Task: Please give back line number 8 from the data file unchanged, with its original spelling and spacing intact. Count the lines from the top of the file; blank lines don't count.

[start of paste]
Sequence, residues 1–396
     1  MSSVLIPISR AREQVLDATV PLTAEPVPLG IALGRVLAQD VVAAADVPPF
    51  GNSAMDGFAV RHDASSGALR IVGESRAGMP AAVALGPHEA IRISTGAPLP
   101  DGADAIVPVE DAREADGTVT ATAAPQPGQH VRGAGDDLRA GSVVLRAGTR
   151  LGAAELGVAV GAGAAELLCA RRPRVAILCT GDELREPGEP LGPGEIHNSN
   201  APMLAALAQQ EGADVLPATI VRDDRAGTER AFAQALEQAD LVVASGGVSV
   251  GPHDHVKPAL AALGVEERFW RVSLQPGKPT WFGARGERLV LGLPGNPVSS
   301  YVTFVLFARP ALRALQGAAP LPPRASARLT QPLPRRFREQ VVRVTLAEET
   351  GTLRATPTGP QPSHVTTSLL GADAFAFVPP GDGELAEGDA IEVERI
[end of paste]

   301  YVTFVLFARP ALRALQGAAP LPPRASARLT QPLPRRFREQ VVRVTLAEET